Japan Geoscience Union Meeting 2019

Presentation information

[E] Oral

S (Solid Earth Sciences ) » S-CG Complex & General

[S-CG50] Intraslab and intraplate earthquakes

Thu. May 30, 2019 10:45 AM - 12:15 PM A02 (TOKYO BAY MAKUHARI HALL)

convener:Saeko Kita(International Institute of Seismology and Earthquake Engineering, BRI), Tomohiro Ohuchi(Geodynamics Research Center, Ehime University), Marcel Thielmann(Bavarian Geoinstitute, University of Bayreuth), Ryo Okuwaki(Research Institute of Earthquake and Volcano Geology, Geological Survey of Japan, National Institute of Advanced Industrial Science and Technology), Chairperson:Saeko Kita(Building Research Insitute), Tomohiro Ohuchi(Geodynamics Research Center, Ehime University), Marcel Thielmann(University of Bayreuth), Ryo Okuwaki(筑波大学), Thomas Ferrand(UC San Diego)

11:15 AM - 11:30 AM

[SCG50-09] Deep intraslab earthquake rupture due to grain size assisted thermal runaway

*Marcel Thielmann1, Thibault Duretz2 (1.Bavarian Geoinstitute, University of Bayreuth, Germany, 2.Université de Rennes, Rennes, France)

Keywords:intraslab earthquakes, deep earthquakes, thermal runaway, grain size evolution

The rupture of the 2017 Mw 8.2 Tehuantepec earthquake has been shown to extend to temperatures above 1,000 °C. Ruptures penetrating to regions of such temperatures are highly unusal and raise the question whether the governing rupture mechanisms at these temperatures are comparable to shallow earthquakes. It has been suggested that dehydration embrittlement could result in deep intraslab earthquakes. However, dehydration embrittlement requires the presence of fluids. In the case of the Tehuantepec earthquake, this means that fluids would have to infiltrate the slab to depths that have not been observed.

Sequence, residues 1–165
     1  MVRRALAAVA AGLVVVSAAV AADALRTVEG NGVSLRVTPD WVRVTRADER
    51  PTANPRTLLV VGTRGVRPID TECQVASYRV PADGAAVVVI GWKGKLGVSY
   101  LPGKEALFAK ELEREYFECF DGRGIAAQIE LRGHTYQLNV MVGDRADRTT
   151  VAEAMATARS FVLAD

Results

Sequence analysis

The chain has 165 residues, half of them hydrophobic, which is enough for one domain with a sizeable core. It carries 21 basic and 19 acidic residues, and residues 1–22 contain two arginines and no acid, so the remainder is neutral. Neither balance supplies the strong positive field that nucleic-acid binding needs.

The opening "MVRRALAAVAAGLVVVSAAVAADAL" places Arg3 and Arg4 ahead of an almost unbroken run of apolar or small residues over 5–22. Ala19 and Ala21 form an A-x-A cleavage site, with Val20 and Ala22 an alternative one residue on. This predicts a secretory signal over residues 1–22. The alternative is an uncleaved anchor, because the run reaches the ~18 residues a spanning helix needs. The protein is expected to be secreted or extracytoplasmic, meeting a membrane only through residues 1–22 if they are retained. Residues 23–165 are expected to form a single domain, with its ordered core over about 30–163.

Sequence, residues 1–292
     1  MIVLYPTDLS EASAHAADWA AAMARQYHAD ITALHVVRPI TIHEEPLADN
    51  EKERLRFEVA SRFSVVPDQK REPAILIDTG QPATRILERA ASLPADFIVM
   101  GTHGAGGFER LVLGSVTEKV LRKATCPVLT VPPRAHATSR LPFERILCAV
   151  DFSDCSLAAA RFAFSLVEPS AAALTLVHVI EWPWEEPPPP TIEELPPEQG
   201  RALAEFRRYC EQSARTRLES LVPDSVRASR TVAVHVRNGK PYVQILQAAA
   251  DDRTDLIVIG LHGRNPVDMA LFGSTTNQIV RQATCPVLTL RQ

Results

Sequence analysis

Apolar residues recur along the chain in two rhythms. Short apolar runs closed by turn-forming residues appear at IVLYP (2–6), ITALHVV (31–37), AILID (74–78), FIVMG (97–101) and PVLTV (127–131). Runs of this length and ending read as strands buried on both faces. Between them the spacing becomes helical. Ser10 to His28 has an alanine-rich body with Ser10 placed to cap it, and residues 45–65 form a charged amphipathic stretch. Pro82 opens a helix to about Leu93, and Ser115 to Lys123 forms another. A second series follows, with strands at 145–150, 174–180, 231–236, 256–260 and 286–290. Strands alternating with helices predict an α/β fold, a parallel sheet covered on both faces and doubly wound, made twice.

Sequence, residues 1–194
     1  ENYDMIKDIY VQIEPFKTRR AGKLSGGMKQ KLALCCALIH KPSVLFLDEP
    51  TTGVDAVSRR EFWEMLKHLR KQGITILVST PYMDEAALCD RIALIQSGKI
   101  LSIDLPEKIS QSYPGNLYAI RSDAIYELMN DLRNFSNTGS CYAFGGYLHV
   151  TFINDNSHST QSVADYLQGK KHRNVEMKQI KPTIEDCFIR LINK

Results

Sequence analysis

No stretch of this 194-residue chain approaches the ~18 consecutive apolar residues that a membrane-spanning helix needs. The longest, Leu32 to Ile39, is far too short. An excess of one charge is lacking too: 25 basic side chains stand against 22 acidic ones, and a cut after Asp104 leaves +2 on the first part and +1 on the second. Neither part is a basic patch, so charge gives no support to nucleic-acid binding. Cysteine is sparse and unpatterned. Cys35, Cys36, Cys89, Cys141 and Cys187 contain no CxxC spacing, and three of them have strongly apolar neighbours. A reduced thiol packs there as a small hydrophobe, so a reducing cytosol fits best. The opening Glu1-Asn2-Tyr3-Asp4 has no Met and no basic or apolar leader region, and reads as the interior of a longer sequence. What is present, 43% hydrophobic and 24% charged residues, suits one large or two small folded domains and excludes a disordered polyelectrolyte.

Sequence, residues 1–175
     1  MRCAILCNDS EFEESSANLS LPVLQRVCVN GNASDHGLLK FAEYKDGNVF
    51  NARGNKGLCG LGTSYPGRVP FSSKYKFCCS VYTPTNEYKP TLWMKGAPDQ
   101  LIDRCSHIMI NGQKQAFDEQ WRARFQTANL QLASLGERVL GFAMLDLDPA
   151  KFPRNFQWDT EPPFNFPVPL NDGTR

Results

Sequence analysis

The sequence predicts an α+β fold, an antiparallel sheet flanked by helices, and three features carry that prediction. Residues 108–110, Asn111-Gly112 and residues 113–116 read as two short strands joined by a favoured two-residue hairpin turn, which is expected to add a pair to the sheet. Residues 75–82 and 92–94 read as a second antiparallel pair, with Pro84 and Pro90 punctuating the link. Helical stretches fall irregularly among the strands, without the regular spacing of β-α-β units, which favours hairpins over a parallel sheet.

An alternative mechanism that may lead to failure at these temperatures and depths is thermal runaway, in particular in conjunction with grain size reduction. Due to the conversion from mechanical work to heat during irreversible deformation, this mechanism weakens the rock. In certain conditions, it then results in zones of highly localized viscous creep along which a significant amount of displacement can be accumulated.
Here, we investigate the onset and formation of a ductile shear zone nucleating a cold temperatures and then propagating to regions of higher temperature using 2D numerical models with a nonlinear viscoelastic rheology. We show that it is indeed possible to form a ductile shear zone through the combined action of grain size reduction and shear heating and determine the parameter ranges where this feedback loop may result in ductile shear zone formation and thus also deep earthquake rupture.